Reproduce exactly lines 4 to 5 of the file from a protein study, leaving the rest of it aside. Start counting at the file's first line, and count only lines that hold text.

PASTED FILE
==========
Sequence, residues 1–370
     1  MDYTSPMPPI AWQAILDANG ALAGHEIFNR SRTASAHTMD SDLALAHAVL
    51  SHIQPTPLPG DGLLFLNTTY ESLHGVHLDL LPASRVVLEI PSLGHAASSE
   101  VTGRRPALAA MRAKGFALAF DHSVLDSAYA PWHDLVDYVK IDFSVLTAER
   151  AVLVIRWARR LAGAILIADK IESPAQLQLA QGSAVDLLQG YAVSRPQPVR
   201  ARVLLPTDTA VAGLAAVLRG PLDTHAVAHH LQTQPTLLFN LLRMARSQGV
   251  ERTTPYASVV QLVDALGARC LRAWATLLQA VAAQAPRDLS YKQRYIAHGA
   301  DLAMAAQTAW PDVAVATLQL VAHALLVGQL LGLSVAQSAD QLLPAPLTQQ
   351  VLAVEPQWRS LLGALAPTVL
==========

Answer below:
   101  VTGRRPALAA MRAKGFALAF DHSVLDSAYA PWHDLVDYVK IDFSVLTAER
   151  AVLVIRWARR LAGAILIADK IESPAQLQLA QGSAVDLLQG YAVSRPQPVR